# Perpendicular component notation

1. Mar 13, 2007

If I have $$e^{i \mathbf{q_\perp \cdot x}}$$ what does it mean?Specifically what does the $$\mathbf{q_\perp}$$ mean?

thanks

2. Mar 13, 2007

### Dick

It usually means the perpendicular component of q relative to something.

3. Mar 13, 2007

Yes that's what I thought. Relative to what though?

Surely it can't mean relative to x because the dot product would imply that the term always = 0 right?

4. Mar 13, 2007

### Dick

How could I guess 'relative to what'? I'd agree it's probably not x.

5. Mar 13, 2007

The equation I'm dealing with which contains this term is

$$\epsilon(\mathbf{r})=\frac{i}{q_z} \int d^2 \mathbf{x} e^{i \mathbf{q_\bot \cdot x}}[\epsilon_2 e^{iq_z[H+h_2(\mathbf{x})]} - \epsilon_1 e^{iq_z h_1(\mathbf{x})}]$$

I guess it could be perpendicular to r... but what difference would that make? What would it mean?

Last edited: Mar 13, 2007
6. Mar 14, 2007

### dextercioby

It's probably perpendicular to the magnetic field intensity vector H.

7. Mar 14, 2007

ahh see the H actually stands for height in this equation. :P h_x is a length also and purely a function of x.

But hmm perpendicular to H you say... that actually makes a lot more sense to me than any of the other variables if H were a vector, unfortunately its a mean separation, so that couldn't be it could it? I mean H is measured in a particular direction but... can you use that perpendicular symbol relative to something that's not a vector but measured in a particular dimension?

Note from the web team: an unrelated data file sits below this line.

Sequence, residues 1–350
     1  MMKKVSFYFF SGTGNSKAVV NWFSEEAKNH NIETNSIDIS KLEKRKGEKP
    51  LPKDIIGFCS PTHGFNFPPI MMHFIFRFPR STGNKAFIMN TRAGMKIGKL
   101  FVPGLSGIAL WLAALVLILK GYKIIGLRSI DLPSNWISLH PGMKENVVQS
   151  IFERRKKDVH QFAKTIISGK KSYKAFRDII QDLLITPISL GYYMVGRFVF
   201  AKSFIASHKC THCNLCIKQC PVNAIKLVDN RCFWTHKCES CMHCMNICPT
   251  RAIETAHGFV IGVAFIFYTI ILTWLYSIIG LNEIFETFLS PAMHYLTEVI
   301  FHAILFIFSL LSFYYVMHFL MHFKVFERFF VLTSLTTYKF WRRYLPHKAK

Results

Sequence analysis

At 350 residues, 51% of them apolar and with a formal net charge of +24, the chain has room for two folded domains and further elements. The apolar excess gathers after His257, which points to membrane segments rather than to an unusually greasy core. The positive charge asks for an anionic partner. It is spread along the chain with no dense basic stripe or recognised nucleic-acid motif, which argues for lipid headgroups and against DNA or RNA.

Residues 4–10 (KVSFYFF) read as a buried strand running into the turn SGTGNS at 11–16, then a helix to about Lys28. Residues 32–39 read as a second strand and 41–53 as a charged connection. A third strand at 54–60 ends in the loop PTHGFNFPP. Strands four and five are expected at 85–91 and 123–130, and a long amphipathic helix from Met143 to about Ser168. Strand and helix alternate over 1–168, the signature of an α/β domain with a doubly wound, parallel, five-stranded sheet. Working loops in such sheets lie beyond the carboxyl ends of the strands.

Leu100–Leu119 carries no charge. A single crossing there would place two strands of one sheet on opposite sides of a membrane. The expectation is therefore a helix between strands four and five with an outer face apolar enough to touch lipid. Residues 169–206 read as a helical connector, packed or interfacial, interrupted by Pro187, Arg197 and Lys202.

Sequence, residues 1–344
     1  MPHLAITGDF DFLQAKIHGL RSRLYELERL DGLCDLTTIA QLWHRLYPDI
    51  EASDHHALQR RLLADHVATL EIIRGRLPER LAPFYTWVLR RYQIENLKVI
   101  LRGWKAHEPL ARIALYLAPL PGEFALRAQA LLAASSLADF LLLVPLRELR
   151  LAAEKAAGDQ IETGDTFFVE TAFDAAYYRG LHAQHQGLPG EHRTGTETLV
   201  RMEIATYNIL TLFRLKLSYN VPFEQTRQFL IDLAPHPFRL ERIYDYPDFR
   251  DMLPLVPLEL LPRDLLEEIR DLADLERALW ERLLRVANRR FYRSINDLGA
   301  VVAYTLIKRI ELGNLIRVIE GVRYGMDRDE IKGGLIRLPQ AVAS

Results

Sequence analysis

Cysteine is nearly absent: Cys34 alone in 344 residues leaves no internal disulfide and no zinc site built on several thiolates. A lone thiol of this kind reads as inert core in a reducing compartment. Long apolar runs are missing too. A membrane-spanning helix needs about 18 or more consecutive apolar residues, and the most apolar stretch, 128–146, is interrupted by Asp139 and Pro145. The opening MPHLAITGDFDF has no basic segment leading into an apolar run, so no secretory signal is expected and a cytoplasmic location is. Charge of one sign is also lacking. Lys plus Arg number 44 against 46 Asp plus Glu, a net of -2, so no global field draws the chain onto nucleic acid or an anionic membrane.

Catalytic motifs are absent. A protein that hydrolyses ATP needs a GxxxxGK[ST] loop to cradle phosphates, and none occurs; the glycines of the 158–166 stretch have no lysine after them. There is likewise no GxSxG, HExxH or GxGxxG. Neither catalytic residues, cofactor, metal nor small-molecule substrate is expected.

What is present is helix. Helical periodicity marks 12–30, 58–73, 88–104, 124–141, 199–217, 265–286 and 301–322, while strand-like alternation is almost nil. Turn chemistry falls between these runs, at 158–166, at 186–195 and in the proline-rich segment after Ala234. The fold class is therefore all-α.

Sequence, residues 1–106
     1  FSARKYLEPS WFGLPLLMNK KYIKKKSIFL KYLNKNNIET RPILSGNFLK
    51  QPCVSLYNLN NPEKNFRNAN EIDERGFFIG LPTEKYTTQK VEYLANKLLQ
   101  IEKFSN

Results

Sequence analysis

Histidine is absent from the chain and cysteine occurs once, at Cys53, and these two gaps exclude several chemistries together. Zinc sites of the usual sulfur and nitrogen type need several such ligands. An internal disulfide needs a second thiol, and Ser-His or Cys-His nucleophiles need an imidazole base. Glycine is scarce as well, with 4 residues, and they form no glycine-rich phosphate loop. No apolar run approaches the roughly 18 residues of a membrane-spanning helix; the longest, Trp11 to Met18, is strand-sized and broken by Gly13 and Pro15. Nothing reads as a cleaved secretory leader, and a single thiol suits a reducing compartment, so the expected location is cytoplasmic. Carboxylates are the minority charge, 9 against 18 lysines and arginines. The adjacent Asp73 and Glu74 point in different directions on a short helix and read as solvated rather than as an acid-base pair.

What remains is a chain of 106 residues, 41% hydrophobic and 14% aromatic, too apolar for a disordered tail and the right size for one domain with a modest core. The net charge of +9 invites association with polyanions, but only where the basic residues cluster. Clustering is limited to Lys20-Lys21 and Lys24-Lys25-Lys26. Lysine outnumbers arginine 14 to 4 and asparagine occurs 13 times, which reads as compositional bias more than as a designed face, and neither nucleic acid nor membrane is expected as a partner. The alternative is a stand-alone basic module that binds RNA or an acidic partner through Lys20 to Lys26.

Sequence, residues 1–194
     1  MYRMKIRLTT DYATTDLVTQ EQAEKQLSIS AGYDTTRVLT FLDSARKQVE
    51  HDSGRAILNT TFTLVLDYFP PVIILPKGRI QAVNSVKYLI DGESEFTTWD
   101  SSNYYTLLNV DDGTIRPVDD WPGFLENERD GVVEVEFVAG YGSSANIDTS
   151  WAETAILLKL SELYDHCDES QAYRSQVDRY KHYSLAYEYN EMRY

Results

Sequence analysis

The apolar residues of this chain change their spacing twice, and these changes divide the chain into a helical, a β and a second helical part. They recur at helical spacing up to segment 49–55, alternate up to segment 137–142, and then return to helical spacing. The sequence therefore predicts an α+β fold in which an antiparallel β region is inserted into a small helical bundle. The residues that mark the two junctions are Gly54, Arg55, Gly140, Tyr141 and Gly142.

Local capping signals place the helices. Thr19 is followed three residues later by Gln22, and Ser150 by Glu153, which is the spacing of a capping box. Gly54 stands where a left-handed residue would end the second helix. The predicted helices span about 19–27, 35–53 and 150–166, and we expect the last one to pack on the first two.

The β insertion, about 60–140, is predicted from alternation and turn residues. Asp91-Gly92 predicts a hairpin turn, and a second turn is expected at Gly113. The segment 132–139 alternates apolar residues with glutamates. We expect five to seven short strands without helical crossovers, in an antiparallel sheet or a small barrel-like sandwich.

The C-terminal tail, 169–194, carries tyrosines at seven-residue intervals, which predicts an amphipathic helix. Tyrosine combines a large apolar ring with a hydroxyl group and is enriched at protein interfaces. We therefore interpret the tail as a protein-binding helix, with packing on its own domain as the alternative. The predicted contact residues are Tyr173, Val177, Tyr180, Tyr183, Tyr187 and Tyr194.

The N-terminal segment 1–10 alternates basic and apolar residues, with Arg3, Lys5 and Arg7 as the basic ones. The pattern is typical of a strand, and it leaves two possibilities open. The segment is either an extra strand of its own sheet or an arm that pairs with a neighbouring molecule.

Cheers

8. Mar 14, 2007

well thinking about it this is a 2 D problem using a radial or cartesian coordinate system. The radial dimensions are expressed by r and the cartesian dimensions are expressed by x= x_x + x_z.

Saying that we are dealing with something perpendicular to r makes no sense to me in the context of the system to be honest. Since it has cartesian symmetry but no radial symmetry. Although I could be missing somthing since the equation comes from a fourier tranformation which I don't actually understand...

(a fourier transform of the system

$$\epsilon(i f, r) = \epsilon_2(i f)$$ when $$H + h_2(x) \leq z < + \infty$$
$$\epsilon(i f, r) = 0$$ when $$h_1(x) < z < H + h_2(x)$$
$$\epsilon(i f, r) = \epsilon_1(i f)$$ when $$- \infty < z \leq h_1(x)$$

)

Saying its perpendicular to x is pointless. So I'm inclined to believe its either perpendicular to x_x or x_z. But which I don't know... :/ Nah actually though I bet if I actually understood the fourier transform I'd understand what that q is perpendicular to :/ Can anyone help please? :(

Last edited: Mar 14, 2007